Female physicians missing out on pharma sponsorship

By Geir O'Rourke

28 Aug 2023

Are female doctors being treated differently by pharmaceutical companies than their male colleagues? And does that matter?

The questions have arisen in the wake of research out of New Zealand showing women received less than a third of industry payments disbursed in the country and only a quarter of speaker and educator fees.

Published in the MJA, the study was based on reports voluntarily released by eight pharmaceutical companies for 2021, the first year of a new Kiwi scheme encouraging the sector to disclose its financial support to health professionals.

All up, 283 so-called ‘transfers of value’ were reported, with 197 or 70% being distributed among 119 men.

By contrast, only 55 female doctors received a payment over the year, with 86 payments going to  women in total.

This was despite women comprising 47% of New Zealand’s medical workforce, the study author noted in the MJA (link here).

Interestingly, while female doctors were less likely to benefit from industry support, median payments to women were higher at NZ$975 ($900 AUD) versus NZ$733 ($675 AUD) for males.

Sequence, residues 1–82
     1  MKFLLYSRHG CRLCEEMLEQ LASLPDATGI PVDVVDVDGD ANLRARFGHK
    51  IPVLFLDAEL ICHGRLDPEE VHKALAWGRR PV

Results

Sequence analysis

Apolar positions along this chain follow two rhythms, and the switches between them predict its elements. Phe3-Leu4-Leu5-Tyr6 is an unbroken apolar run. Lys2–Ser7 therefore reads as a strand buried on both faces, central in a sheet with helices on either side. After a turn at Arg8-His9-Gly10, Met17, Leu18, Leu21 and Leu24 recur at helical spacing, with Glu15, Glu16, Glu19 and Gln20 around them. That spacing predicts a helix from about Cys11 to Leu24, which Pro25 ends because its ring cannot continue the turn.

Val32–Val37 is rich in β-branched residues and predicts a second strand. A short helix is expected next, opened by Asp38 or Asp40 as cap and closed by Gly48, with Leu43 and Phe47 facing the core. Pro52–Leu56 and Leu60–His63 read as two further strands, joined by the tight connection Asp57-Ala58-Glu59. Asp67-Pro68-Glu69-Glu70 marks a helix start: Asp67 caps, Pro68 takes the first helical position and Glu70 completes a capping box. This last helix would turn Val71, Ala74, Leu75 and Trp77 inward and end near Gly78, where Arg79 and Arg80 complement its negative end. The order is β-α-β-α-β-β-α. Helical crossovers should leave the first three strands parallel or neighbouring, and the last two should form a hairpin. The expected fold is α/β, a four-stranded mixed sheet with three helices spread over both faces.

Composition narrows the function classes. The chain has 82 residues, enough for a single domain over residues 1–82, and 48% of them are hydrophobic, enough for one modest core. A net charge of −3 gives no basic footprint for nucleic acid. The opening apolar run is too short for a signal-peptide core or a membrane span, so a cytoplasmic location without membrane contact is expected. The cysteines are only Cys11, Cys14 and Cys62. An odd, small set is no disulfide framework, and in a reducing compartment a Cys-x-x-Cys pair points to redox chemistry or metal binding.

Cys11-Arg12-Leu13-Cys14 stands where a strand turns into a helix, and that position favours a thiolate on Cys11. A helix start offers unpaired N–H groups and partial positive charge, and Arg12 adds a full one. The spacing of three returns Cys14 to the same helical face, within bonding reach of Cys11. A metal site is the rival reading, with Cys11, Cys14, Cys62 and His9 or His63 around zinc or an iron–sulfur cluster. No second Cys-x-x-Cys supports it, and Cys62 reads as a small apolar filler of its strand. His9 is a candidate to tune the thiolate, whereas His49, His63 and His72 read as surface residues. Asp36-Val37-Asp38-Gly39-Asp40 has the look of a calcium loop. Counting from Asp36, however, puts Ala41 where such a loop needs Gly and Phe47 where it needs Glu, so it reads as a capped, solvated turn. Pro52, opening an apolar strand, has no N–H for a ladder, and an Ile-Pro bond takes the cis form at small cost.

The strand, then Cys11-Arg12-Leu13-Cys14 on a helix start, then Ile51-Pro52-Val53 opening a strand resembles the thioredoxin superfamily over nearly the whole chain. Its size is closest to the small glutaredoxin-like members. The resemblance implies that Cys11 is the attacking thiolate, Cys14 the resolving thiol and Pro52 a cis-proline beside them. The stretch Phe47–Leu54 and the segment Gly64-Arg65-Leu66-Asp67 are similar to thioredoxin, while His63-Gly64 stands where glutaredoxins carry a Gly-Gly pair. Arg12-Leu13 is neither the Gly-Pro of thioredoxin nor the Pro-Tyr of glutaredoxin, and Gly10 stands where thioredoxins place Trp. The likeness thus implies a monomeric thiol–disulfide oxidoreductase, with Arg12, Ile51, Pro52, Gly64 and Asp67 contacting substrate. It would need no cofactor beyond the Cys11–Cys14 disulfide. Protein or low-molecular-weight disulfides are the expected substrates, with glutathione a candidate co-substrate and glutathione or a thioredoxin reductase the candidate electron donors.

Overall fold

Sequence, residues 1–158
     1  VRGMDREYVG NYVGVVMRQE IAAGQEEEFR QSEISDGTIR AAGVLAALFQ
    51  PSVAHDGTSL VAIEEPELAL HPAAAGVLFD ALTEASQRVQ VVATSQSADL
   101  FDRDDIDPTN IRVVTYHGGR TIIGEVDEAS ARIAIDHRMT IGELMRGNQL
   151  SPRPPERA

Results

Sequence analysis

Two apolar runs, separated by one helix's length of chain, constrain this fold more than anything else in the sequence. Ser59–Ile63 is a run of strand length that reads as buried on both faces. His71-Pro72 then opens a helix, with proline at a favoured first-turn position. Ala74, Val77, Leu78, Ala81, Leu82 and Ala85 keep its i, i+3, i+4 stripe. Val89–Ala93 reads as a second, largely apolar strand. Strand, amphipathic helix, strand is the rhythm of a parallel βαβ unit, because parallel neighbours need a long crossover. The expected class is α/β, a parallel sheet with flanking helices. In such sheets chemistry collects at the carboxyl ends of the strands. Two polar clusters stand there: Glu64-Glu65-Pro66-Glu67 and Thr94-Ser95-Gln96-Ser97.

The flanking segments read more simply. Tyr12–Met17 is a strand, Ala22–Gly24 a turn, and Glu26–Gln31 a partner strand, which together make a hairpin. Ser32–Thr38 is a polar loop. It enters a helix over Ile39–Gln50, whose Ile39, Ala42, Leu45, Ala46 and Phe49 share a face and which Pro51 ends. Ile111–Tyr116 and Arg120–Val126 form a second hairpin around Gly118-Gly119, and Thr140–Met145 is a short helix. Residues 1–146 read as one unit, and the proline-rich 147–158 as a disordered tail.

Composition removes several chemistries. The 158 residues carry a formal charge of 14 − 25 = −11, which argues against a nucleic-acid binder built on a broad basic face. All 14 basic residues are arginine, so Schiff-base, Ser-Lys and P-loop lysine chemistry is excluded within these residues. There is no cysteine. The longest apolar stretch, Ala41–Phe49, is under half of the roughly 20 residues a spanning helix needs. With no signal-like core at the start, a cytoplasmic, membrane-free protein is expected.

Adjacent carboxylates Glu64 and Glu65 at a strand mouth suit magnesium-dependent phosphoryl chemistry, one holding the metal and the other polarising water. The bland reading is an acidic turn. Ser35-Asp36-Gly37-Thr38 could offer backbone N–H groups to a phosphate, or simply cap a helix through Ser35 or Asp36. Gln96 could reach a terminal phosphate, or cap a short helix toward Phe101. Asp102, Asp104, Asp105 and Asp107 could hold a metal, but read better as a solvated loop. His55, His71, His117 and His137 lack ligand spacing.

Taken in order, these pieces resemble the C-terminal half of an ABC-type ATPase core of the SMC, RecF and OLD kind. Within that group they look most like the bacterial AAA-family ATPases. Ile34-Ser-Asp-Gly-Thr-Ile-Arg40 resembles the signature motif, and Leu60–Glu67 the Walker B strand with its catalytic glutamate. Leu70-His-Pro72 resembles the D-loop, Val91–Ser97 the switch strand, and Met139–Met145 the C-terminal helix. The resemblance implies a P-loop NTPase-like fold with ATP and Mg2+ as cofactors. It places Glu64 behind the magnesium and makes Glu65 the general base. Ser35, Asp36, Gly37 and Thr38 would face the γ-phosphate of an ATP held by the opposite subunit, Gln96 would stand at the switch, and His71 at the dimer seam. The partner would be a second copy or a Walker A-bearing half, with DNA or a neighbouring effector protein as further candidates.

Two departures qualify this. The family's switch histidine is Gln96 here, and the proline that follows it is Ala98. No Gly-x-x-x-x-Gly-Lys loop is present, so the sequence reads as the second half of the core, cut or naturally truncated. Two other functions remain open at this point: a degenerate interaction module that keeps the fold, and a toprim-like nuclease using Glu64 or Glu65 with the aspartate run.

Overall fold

The women also tended to be slightly earlier in their careers than the men receiving industry support (26 years post-graduation versus 30 years post-graduation), the research found.

On the other hand, female doctors received 38% of meeting attendance cost payments (26 of 69 payments), but only 25% of those for speaker and educator fees (24 of 97 payments).

Female physicians received fewer support payments from pharmaceutical companies than their male colleagues, and a larger proportion of payments to women subsidised event attendance rather than representative activities, the author noted.

“The low proportion of speaker or educator fee payments to female physicians could indicate fewer women in leadership roles, which could be related to their slightly shorter mean period of professional experience,” they suggested.

“The median payment level, however, was similar for men and women. Transparency of pharmaceutical company support provides an opportunity to assess gender differences, and should encourage companies to consider social equity when making funding decisions,” the author concluded.

Specialty All grants Grants to male physicians Grants to female physicians
Internal medicine (all) 210 152 (73%) 58 (28%)
Gastroenterology 55 40 (73%) 15 (27%)
Respiratory medicine 49 42 (86%) 7 (14%)
Endocrinology 42 26 (62%) 16 (38%)
Haematology 29 17 (59%) 12 (41%)
Rheumatology 20 17 (85%) 3 (15%)
Infectious disease/immunology 9 8 (89%) 1 (11%)
Medical oncology 5 2 (40%) 3 (60%)
General medicine 1 0 1 (100%)


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